Ms. Stefani Germanotta v. oranges arecool XD
Claim Number: FA1108001403808
Complainant is Ms. Stefani Germanotta (“Complainant”), represented by Brad D. Rose of Pryor Cashman, LLP, New York, USA. Respondent is oranges arecool XD (“Respondent”), represented by Maulin V. Shah of UDRPro, LLC, New York, USA.
REGISTRAR AND DISPUTED DOMAIN NAME
The domain name at issue is <ladygaga.org>, registered with GoDaddy.com, Inc.
The undersigned certify that they have acted independently and impartially and to the best of their knowledge have no known conflicts in serving as Panelists in this proceeding.
David H. Bernstein, G. Gervaise Davis, and Darryl C. Wilson, Chair, as Panelists.
Complainant submitted a Complaint to the National Arbitration Forum electronically on August 17, 2011; the National Arbitration Forum received payment on August 18, 2011.
On August 19, 2011, GoDaddy.com, Inc. confirmed by e-mail to the National Arbitration Forum that the <ladygaga.org> domain name is registered with GoDaddy.com, Inc. and that Respondent is the current registrant of the name. GoDaddy.com, Inc. has verified that Respondent is bound by the GoDaddy.com, Inc. registration agreement and has thereby agreed to resolve domain disputes brought by third parties in accordance with ICANN’s Uniform Domain Name Dispute Resolution Policy (the “Policy”).
On August 22, 2011, the Forum served the Complaint and all Annexes, including a Written Notice of the Complaint, setting a deadline of September 12, 2011 by which Respondent could file a Response to the Complaint, via e-mail to all entities and persons listed on Respondent’s registration as technical, administrative, and billing contacts, and to email@example.com. Also on August 22, 2011, the Written Notice of the Complaint, notifying Respondent of the e-mail addresses served and the deadline for a Response, was transmitted to Respondent via post and fax, to all entities and persons listed on Respondent’s registration as technical, administrative and billing contacts.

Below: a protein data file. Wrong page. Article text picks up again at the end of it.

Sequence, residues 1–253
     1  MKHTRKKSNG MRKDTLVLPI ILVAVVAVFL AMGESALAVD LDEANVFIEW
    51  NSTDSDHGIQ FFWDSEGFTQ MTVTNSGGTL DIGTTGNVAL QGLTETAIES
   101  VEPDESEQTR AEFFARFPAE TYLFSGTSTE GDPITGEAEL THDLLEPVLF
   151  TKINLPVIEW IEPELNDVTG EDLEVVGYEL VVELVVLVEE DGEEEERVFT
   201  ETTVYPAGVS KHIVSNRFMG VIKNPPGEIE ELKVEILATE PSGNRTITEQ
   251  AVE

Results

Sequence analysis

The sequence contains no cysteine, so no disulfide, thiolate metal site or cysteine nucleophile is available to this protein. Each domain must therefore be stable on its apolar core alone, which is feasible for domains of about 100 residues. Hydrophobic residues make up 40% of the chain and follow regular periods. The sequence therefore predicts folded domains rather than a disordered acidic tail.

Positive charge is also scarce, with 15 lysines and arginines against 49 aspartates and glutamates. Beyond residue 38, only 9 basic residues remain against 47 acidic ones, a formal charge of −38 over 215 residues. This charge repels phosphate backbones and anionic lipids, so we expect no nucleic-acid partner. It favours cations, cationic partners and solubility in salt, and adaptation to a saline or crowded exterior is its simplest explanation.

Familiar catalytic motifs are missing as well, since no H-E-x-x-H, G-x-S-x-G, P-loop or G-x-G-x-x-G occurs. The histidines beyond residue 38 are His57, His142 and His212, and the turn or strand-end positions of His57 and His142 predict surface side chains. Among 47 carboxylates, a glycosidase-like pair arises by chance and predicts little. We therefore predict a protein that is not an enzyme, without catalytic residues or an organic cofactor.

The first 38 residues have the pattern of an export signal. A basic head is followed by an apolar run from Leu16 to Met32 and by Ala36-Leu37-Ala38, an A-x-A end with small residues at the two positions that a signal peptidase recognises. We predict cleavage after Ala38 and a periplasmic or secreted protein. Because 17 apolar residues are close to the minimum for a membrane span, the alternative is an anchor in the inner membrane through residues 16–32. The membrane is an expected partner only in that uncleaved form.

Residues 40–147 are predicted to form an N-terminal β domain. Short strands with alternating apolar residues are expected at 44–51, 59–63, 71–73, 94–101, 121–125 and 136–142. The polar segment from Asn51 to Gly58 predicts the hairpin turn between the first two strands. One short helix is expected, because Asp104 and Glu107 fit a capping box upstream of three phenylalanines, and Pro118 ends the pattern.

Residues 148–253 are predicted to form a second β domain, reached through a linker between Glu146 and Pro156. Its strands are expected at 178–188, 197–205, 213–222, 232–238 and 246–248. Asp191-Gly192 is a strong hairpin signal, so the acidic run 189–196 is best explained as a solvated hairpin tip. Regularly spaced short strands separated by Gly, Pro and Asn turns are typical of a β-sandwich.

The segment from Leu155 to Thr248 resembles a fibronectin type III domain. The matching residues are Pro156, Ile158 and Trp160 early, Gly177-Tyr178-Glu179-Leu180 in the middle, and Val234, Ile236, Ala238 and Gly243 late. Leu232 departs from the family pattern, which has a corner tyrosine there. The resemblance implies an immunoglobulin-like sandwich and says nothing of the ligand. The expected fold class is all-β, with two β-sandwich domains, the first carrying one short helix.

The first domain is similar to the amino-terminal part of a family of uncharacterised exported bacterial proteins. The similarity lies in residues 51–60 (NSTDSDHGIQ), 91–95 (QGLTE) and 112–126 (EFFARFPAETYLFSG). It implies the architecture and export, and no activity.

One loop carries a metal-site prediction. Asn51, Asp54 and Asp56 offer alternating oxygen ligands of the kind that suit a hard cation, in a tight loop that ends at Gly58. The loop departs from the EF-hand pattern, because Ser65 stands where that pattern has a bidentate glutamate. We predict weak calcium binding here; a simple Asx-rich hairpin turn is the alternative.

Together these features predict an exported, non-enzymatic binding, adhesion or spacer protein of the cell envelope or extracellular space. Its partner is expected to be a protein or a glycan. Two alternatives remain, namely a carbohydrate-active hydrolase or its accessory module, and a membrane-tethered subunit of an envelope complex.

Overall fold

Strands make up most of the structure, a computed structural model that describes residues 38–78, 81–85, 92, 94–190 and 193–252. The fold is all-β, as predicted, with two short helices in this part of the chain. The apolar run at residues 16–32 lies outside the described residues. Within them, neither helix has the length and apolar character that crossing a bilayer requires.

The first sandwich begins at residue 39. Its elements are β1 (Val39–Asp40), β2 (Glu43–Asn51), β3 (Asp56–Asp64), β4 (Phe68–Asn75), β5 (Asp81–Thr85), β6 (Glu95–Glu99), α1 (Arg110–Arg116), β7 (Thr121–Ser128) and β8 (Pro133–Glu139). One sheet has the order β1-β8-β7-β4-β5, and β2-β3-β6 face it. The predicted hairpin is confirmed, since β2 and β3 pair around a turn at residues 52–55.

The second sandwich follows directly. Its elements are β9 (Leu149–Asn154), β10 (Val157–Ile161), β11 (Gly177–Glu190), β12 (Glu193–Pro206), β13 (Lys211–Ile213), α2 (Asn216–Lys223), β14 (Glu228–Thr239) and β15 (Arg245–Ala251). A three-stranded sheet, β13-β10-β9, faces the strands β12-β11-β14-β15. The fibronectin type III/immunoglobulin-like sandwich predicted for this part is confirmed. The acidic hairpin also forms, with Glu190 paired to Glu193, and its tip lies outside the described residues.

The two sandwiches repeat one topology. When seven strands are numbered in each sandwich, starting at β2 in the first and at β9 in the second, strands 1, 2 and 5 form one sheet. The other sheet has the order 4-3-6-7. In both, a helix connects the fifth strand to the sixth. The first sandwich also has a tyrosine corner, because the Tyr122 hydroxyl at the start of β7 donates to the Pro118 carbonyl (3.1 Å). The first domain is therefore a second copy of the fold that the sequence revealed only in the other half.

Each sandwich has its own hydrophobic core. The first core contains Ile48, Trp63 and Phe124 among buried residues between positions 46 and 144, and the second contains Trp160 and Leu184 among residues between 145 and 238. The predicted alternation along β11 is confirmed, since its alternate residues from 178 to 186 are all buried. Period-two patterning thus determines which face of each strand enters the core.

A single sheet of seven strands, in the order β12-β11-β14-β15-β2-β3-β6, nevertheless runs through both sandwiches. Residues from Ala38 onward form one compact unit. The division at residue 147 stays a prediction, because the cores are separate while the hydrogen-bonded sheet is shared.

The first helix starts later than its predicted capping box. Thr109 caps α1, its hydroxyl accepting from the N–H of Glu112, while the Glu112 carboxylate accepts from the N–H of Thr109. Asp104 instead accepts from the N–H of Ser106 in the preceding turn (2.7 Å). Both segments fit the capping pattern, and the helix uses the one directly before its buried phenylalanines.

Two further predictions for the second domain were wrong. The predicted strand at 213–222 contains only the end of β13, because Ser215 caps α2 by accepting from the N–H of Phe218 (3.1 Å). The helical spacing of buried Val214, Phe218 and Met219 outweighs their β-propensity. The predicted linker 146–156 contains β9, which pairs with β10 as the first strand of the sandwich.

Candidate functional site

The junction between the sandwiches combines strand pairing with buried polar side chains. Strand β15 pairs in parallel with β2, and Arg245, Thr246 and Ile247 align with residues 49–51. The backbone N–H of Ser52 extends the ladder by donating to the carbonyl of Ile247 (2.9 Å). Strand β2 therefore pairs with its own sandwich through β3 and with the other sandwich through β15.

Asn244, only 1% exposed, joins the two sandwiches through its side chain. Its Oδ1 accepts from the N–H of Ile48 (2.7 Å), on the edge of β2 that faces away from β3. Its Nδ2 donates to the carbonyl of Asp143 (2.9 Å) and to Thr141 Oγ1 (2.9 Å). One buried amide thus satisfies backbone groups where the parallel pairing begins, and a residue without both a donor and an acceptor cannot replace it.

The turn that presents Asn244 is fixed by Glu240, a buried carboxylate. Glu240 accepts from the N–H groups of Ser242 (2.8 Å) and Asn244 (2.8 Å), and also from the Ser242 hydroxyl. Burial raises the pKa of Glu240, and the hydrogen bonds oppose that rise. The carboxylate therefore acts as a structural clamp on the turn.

A timely Response was received and determined to be complete on September 2, 2011.
An Additional Submission dated September 12, 2011 was received from the Complainant; however, it was not compliant with Supplemental Rule 7 due to its untimely filing. Respondent filed an Objection to Complainant’s Additional Submission on September 13, 2011. The Panel considered the basis for the tardy filing to be an unintended intervening circumstance over which Complainant had no control and thus determined that Complainant’s Additional Submission would be weighed in the final decision making process.
On September 9, 2011, pursuant to Respondent’s request to have the dispute decided by a three-member Panel, the National Arbitration Forum appointed David H. Bernstein, G. Gervaise Davis, and Darryl C. Wilson, Chair, as Panelists.
Complainant requests that the domain name be transferred from Respondent to Complainant.
Complainant states that she is an internationally renowned recording artist and performer, as well as a fashion icon, and that the Respondent registered the disputed domain name, <ladygaga.org>, with actual knowledge of Complainant’s career. As such Complainant contends that Respondent intentionally registered the domain name to capitalize on Lady Gaga’s fame. Complainant contends that that Respondent has no rights or legitimate interests in the domain name “because it infringes Lady Gaga’s rights to her trademark.”
Complainant further asserts that the disputed domain name is identical in sight, sound and meaning to Lady Gaga’s trademark and that the circumstances surrounding the registration of the disputed domain name “amply establish registration in bad faith….” Complainant claims that Respondent is competing with Complainant and disrupting Lady Gaga’s ability to promote herself and her endeavors and that an attempt to resolve the dispute amicably was not possible because Respondent’s only interests is a desire “to capitalize on and profit from the success and notoriety of Lady Gaga and to keep her from owning and using her name as a web site.”
Respondent contends that the disputed domain name resolves to a non-commercial, unofficial fan site for Lady Gaga. Respondent further contends that the web site “does not have any sponsored links or links to third-party websites which market and sell merchandise bearing Complainant’s trademark.” Respondent asserts that she is “making a legitimate, non-commercial fair use of the subject domain name, without any intent for commercial gain to misleadingly divert consumers or to tarnish any rights Complainant may assert under Policy ¶ 4(c)(iii).”